The growth story for frontier economies isn’t the same as China’s in the last two decades, or the United States a hundred years ago. These fast growing, low-income countries have their own story, and it’s not what you might think.
In May of this year, I wrote about who they are and how they are different, and now I want to go into a bit more detail about how their economies have been on the rise and how they have moved themselves to the frontier.
Not your grandfather’s growth story
Although the countries’ economic paths vary like snowflakes— no two are the same—their growth stories have two distinct features.
First, frontier economies like Bangladesh, Tanzania, and Mozambique, to name just a few, have a different growth story from the United States or China because they are not growing by moving their economy from agriculture, to manufacturing, then to services: they are growing across all of them, as you can see in this chart:
Second, despite this different growth path, frontier economies have made progress when you compare their economic size relative to an advanced economy like the United States—a process known as convergence.
This is due in large part to more stable and predictable fiscal and monetary policies, strong investment and exports, better debt management, less red tape, stronger institutions, strong productivity gains, and access to capital markets.
The next chapter
Looking ahead, a number of factors will help these economies continue to achieve strong growth. They will reap the benefits of a large, young, working-age population for years to come. They are well endowed with natural resources. They are making inroads in global ties. They have a growing middle class, which creates potential for new markets.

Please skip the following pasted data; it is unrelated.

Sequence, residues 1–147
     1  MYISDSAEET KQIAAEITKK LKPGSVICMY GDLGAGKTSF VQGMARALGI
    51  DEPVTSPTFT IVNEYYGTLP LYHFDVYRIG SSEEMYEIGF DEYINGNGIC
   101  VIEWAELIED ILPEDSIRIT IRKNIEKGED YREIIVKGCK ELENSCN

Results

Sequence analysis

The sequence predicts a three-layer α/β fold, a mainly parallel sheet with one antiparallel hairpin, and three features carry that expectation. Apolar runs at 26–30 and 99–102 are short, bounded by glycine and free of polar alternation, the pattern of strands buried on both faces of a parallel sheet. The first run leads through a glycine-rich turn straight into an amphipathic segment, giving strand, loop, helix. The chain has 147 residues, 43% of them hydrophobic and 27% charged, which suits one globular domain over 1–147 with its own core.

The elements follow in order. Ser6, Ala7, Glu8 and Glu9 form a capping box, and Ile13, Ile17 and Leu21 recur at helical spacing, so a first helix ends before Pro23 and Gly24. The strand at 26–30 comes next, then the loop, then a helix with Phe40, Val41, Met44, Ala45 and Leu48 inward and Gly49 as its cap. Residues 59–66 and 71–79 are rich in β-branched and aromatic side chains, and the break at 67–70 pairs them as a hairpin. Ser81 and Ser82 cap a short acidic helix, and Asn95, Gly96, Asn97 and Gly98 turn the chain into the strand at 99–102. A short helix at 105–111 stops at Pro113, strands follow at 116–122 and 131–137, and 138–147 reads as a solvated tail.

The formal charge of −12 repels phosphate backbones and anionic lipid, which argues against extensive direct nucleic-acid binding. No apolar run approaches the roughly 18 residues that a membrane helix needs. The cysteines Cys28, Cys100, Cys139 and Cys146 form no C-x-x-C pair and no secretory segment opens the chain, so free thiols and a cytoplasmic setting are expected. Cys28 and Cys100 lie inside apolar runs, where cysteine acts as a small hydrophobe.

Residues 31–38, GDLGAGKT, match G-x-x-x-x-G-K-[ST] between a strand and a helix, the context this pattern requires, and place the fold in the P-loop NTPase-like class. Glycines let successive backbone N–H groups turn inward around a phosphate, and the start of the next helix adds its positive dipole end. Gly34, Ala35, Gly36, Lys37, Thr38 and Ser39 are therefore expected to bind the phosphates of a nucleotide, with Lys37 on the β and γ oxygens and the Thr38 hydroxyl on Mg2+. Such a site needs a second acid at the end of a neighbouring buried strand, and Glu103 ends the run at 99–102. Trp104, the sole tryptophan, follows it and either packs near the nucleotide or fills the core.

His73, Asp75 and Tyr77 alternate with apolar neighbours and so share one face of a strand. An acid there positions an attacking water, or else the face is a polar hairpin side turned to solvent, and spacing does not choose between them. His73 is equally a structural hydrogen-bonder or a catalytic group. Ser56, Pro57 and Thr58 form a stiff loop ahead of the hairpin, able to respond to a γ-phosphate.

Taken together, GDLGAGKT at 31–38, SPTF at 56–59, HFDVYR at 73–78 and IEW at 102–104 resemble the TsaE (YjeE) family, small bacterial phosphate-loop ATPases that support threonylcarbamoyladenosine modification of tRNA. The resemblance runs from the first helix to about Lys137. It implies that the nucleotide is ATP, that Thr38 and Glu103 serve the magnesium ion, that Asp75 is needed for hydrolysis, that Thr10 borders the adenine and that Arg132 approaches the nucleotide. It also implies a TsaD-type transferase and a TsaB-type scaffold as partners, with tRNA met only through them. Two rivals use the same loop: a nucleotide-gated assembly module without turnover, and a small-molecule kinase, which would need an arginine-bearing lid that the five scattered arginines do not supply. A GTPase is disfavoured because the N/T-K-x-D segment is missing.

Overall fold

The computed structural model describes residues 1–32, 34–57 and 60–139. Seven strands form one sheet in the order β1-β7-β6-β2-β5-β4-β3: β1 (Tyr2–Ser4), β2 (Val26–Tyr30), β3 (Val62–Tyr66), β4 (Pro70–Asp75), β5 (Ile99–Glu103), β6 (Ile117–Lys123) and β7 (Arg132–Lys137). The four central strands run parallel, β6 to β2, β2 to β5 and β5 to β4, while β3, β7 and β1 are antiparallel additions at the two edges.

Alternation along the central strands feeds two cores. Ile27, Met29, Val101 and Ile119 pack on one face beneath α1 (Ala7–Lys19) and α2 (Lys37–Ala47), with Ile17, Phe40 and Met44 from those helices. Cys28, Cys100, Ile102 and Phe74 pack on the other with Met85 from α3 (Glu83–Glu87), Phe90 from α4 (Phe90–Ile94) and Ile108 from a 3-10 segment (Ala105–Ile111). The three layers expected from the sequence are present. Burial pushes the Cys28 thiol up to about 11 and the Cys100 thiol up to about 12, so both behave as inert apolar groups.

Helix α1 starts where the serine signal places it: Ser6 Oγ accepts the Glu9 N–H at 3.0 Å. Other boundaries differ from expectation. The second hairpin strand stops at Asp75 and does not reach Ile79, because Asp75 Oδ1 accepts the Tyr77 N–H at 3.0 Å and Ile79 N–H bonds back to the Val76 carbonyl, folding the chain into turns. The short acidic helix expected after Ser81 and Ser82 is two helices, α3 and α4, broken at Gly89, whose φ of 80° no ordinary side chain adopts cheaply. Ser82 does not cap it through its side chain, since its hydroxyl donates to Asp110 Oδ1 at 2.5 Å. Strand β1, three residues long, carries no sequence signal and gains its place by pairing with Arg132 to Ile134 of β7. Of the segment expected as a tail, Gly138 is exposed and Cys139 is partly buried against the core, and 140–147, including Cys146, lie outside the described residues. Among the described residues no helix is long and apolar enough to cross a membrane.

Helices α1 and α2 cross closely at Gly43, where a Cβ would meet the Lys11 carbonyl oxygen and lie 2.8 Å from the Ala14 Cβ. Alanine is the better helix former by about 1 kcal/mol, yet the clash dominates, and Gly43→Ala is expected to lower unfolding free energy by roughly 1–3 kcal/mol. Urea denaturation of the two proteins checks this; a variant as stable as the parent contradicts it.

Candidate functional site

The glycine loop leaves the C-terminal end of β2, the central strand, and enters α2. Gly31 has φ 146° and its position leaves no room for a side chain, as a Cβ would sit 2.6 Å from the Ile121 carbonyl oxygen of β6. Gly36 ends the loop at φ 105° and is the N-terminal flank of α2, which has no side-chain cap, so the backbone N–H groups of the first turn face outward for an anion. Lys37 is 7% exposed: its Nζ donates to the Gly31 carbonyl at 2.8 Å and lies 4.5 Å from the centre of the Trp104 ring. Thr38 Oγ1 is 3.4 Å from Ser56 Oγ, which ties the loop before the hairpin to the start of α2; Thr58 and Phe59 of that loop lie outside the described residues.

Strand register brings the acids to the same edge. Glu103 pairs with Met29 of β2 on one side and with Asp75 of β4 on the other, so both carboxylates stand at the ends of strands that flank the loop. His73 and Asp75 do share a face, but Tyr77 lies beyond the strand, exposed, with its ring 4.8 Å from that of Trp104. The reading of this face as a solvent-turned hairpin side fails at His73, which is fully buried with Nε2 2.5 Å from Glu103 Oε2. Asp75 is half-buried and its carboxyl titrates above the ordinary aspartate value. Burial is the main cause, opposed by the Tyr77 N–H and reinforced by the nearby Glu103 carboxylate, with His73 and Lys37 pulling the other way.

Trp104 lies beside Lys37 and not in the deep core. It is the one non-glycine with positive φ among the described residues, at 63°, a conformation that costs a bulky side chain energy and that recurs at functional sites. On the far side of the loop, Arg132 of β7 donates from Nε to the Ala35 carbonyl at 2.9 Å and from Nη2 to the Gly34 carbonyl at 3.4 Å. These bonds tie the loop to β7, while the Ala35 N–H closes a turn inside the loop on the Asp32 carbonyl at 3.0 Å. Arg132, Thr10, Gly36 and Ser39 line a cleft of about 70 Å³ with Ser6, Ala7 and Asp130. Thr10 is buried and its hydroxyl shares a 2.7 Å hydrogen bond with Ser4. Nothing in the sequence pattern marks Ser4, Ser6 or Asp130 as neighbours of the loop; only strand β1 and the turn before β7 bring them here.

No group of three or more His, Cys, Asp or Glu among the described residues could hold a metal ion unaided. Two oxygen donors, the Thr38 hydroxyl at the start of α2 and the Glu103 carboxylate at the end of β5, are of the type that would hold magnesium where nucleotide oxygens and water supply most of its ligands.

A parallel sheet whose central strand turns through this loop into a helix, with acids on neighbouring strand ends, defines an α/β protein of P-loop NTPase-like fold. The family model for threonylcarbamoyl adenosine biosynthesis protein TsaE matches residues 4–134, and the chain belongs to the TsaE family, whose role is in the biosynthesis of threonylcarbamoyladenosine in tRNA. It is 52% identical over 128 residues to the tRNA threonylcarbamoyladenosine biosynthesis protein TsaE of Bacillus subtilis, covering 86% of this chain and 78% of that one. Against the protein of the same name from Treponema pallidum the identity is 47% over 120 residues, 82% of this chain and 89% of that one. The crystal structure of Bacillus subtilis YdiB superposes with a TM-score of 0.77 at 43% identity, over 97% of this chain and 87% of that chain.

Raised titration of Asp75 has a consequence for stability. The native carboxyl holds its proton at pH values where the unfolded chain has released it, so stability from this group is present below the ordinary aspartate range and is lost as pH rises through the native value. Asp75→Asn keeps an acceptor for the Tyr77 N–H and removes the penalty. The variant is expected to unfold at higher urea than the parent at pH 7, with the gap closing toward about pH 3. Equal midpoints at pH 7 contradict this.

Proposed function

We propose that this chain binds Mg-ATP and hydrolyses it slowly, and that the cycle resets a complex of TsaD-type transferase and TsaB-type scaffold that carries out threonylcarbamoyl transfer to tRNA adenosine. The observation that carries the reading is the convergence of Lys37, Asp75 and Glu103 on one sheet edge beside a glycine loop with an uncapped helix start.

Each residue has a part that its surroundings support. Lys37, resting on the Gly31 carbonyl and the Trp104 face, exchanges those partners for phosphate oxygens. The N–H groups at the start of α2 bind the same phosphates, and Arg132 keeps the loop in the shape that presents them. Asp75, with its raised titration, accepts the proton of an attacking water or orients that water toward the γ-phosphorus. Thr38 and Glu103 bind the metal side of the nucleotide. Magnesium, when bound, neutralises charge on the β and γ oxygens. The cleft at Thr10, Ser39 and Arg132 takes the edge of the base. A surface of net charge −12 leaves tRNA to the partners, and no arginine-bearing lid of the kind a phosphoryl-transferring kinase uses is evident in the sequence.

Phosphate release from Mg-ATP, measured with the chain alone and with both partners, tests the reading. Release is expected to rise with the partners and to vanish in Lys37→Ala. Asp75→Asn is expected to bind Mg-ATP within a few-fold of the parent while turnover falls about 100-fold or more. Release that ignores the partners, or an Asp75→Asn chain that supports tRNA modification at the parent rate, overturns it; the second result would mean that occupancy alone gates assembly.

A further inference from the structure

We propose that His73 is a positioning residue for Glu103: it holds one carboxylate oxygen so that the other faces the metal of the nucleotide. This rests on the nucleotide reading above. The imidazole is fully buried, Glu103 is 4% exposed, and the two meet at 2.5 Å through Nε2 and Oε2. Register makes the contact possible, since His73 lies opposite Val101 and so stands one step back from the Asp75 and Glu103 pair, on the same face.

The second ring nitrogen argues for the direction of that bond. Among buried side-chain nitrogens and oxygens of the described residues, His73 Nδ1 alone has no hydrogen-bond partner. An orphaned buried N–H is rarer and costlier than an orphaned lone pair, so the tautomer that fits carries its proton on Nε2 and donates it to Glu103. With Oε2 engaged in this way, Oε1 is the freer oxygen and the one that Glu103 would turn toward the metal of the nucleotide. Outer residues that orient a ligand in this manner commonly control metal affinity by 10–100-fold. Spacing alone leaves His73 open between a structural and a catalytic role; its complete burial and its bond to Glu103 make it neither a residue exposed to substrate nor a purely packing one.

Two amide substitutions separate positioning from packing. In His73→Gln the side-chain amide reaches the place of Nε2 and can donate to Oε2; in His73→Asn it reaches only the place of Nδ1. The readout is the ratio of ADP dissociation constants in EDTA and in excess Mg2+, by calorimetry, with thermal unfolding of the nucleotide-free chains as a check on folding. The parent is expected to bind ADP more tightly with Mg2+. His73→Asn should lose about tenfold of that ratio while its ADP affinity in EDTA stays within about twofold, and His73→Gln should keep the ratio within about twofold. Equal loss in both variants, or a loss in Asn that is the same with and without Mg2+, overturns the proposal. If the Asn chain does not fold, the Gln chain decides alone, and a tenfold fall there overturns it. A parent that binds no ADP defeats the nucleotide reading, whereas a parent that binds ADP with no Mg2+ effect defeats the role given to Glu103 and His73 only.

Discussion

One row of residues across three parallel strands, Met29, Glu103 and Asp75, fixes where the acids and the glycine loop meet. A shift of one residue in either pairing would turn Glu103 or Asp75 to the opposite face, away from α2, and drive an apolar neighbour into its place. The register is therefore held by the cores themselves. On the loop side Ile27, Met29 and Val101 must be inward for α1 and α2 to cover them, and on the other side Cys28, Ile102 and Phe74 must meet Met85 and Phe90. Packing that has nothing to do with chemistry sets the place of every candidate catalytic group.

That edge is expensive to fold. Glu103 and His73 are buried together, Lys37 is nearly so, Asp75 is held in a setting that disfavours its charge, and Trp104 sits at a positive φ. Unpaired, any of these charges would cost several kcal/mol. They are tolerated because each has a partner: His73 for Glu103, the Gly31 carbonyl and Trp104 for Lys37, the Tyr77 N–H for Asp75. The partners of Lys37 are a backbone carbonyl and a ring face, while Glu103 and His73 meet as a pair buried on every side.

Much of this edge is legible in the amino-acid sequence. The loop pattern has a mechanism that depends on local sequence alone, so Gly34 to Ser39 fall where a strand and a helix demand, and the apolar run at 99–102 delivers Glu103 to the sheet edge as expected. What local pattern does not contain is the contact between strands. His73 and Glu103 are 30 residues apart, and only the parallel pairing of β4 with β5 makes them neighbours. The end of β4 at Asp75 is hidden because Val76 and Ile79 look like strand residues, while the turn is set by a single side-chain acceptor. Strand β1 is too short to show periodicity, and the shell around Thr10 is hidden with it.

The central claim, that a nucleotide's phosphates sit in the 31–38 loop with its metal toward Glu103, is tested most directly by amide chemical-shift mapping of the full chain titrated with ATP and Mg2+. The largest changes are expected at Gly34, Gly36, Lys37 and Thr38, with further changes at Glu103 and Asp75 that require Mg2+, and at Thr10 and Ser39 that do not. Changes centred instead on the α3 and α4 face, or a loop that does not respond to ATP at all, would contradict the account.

All well and good, you’re thinking, but weak global demand, tumbling oil prices and the expected end to the unconventional monetary policies in the United States could pose risks for frontier economies. All true.
Indeed, many frontier economies are established or prospective commodity exporters and have benefited from high commodity prices. A sharp decline in commodity prices could adversely affect export earnings, derail investment programs, and raise the risks associated with foreign borrowing.
Also, the recent surge in sovereign bond issuances by frontier economies could leave the latter vulnerable to roll over risks when the bonds mature, particularly given their large size relative to the countries’ reserve and other foreign assets.
We see two additional vulnerable spots to keep an eye on. Frontier economies have historically depended on a narrow range of primary products for export to make money, so they need to diversify to make themselves less vulnerable to the whims of the rest of the world, including commodity price movements. This chart shows their progress on this issue over the last few decades:
They also need to increase the quality of what they produce and move up that proverbial ladder because faster growth in quality is associated with higher per capita incomes and higher economic stability. Opportunities for countries to upgrade the quality of their products are strongest in manufacturing but also exist in agriculture. This is particularly important because a large portion of the population in these countries is often employed in the agricultural sector.
Chance favors the well prepared
At this point the question is how will frontier economies prepare for what happens next?
First, they need to continue to implement appropriate monetary and fiscal policies to maintain stability and weather what lies ahead. Economic stability is particularly important to manage risks associated with foreign borrowing.
Second, they need to implement the difficult next generation of reforms, such as improvements in public finance management, while they move away from policies that can exacerbate a downturn, such as cutting back on spending. They should also deepen the linkages between their economic sectors, such as agriculture and manufacturing.
Continued efforts to improve public finance management will also help ensure that public investments are efficient and balanced against debt sustainability risks. Also, they will help improve the quality of products across all sectors as well as their exports.
This article is published in collaboration with IMF Direct. Publication does not imply endorsement of views by the World Economic Forum.
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Author: Min Zhu assumed the position of Deputy Managing Director of IMF on July 26, 2011.
Image: A Zimbabwean trader sells fruit and vegetables at a rural marketplace in Domboshava outside the capital Harare, April 5, 2008. REUTERS/Mike Hutchings.